On 5.3.2014 16:02, Petr Spacek wrote:
On 5.3.2014 14:21, Simo Sorce wrote:
On Wed, 2014-03-05 at 10:53 +0100, Petr Spacek wrote:
On 5.3.2014 08:48, Jan Cholasta wrote:
On 5.3.2014 05:10, Simo Sorce wrote:
On Tue, 2014-03-04 at 18:32 -0500, Dmitri Pal wrote:
Remote means that there is a PKCS#11 library that can be loaded
into a
process and would remotely connect to a central server via
LDAP/REST/whatever. My point is that library should be light weight
and always talk to a local service like SSSD rather than have a
remote
interface. In this case SSSD on the server can talk to the vault or
IPA LDAP directly and all consumers would use PKCS#11 interface
exposed by SSSD

Something like this...

Yes this is the setting we are discussing, the actual specific
discussion is how SSSD gets the information.

Honza proposed to use a PKCS#11-like schema to store data in LDAP
given
DNS will need something similar, however the more we wandered into the
discussion the more I got convinced the Vault is probably a better
place
to store this material than the LDAP tree itself at least for prvate
keys.

I only proposed something that would work for my needs (i.e. storing
certificates and associated trust policy) and would be ready for
4.0. Can you
say the same thing about the vault?
I agree with Honza. I think that proposed LDAP schema is perfectly
fits the
purpose *for public* information like certificates and public keys.

And I agree with you and Honza as well that the proposal is ok for
*public* information.

For public key material only though I am not sure a pkcs#11 schema
will
necessarily be useful. It might, but we do not use it for public SSH
keys. And we also already have schema for public User or Servers X509
certs.

Support for SSH public keys was implemented like 2 years ago, way
before any
talk about the vault or PKCS#11 even started. As for certs, the
proposed
schema works on top of RFC 4523, which is the cert schema you mention.


We need to define something for DNS public keys, but they are already
published in DNS Records too if I am not wrong, would that be
sufficient
as a storage for the public part ? I am assuming the private keys are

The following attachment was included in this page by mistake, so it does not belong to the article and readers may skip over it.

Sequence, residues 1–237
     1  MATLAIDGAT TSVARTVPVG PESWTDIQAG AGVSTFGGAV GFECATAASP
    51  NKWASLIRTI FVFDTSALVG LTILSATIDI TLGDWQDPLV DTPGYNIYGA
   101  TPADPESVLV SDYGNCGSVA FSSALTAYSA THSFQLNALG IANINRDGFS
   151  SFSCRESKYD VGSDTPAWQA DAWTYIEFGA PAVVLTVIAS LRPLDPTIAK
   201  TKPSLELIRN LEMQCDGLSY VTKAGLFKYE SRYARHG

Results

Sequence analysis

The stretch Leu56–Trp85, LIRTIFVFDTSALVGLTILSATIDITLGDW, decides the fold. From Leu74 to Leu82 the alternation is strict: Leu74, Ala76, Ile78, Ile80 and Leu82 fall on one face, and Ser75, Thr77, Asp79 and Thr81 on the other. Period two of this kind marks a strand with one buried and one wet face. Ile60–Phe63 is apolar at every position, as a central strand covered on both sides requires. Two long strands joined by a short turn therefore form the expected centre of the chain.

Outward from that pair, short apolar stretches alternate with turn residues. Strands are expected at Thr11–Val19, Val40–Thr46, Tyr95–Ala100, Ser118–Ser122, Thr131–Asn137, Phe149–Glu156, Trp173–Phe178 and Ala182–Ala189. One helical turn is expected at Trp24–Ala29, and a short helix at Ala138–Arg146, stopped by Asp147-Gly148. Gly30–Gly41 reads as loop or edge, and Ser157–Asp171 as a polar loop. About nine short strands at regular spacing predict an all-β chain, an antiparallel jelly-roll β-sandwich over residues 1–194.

No, we need full PKCS#11 for OpenDNSSEC at least.

Well, you need a pkcs#11 library interface, the backing store could be
anything,
but I do see the advantage of using a common schema so that SSSD can
retrieve data
to present through that interface in a simplified and consistent way.

Note that PKCS#11 in SSSD will give us generic mechanism for process/key
separation (it is practically the same thing GSS-Proxy, just general
purpose).
This comes 'for free' if we implement PKCS#11 so please stop
searching for
workarounds :-)

I am not looking for workarounds for the interface between SSSD and
consuming libraries. I am trying to evaluate what we could use this
schema for before jumping into it.

stored in the Vault and they can be files in the format used by bind ?
BIND files are very hackish and we need to do PKCS#11->BIND files
conversion
anyway because OpenDNSSEC supports only PKCS#11 and nothing else.

I plan to use PKCS#11 directly from BIND so we can drop the format
conversion
code and rely on pure PKCS#11 instead of bunch of hacks scripts.

Ok.

So the information would be scattered in different places, using
different
formats and accessed using different protocols? I'm fine with that,
but it is
way beyond my original idea, so please let whoever is in charge of
the vault
implement the PKCS#11 module themselves.

Honza, clearly if something different is proposed work will be split
between those that need to implement it in various ways, this will
simply require to separate the pkcs#11 module into 2 parts, a 'feeder'
that implements the pkcs#11 interface and a pluggable 'gatherer' that
implements retrieval for specific stuff. No worries there.

- IMHO public information should be stored in LDAP schema as proposed.
- I agree that Vault is the right choice to store secrets.
- I propose to combine these two: Store public information in LDAP
and store
private keys in PKCS#8 blob as a secret in Vault.
- This LDAP+Vault combo can be accessible over PKCS#11 interface.